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    Don't Let Shyness Spoil Your Holidays

    Experts offer tips to overcome shyness, especially during the holiday season.

    Tips for Making Small Talk continued...

    Step 3. Pretopical Selection: fishing for topics. Toss out a topic for discussion, such as, "I really liked this movie." If the person isn't responsive, offer another topic. The rule of successful small talk is that when someone throws out a topic, you should support it by asking a question or commenting.

    Step 4. Posttopical Elaboration: expanding the topic. Associate the topic of conversation to other related topics. If the topic is vacations, say, "Speaking of vacations, we had some great Caribbean food. Have you ever had Caribbean food?" It's the give-and-take than makes conversing fun.

    Step 5. Conversation termination: a gracious ending that creates the connection. Let the person know you'll be leaving soon, express gratitude for the conversation, summarize some of the major points, and set the stage for future conversation. You can say, "I really must be going soon, but I had a great time chatting with you. I really appreciate your comments about that new movie. Here's my card. Call me if you know of any other movies you think I might enjoy."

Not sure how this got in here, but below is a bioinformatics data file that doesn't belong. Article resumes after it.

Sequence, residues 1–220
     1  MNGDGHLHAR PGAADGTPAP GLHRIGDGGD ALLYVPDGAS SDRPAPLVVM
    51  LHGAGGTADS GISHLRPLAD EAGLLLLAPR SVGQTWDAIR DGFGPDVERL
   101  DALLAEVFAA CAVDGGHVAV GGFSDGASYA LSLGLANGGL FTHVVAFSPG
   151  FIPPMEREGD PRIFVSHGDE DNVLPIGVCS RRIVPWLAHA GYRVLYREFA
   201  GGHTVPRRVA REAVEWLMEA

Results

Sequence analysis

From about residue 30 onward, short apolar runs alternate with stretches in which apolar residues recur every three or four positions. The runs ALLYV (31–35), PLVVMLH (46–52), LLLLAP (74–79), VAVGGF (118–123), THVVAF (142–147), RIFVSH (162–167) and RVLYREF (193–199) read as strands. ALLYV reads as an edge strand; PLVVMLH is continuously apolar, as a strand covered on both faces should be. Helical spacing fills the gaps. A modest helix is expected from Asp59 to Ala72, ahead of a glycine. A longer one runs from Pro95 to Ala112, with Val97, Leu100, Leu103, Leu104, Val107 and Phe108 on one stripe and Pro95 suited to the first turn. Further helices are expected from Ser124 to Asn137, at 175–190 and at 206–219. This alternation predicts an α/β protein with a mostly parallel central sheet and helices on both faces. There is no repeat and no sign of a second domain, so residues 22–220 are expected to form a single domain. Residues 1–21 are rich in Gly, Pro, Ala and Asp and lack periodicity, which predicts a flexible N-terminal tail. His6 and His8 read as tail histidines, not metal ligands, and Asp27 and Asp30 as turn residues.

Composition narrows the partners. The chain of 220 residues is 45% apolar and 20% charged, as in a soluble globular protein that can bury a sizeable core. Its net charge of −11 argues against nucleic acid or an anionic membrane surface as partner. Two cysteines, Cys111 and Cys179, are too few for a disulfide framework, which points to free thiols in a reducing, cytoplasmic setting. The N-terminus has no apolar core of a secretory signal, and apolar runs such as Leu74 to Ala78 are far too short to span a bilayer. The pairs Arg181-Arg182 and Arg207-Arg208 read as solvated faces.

"Shy people often get stuck on 'setting talk,' or they have a favorite topic and dominate the conversation," says Carducci. "They talk at people, not with them. You don't have to be a brilliant conversationalist; you just have to be kind."

    Social Anxiety Disorder

    What's the difference between being shy and having a social phobia, more commonly known as social anxiety disorder (SAD)? People with SAD have an almost ever-present anxiety. Physical symptoms include blushing, sweating, trembling, nausea, rapid heartbeat, dizziness, and headaches. SAD affects about 7% of the adult population -- men and women equally -- at any given time, according to the Anxiety Disorders Association of America.

    "People with SAD have so much apprehension about meeting new people, they will do anything to avoid others," says Ross, who is spokeswoman for the Anxiety Disorders Association of America (ADAA). "They're preoccupied with fear that others are evaluating them and will think they're stupid. People have told me they'd rather die than order from a waitress. Or as soon as they wake up in the morning, they worry about situations in which they have to talk to people."

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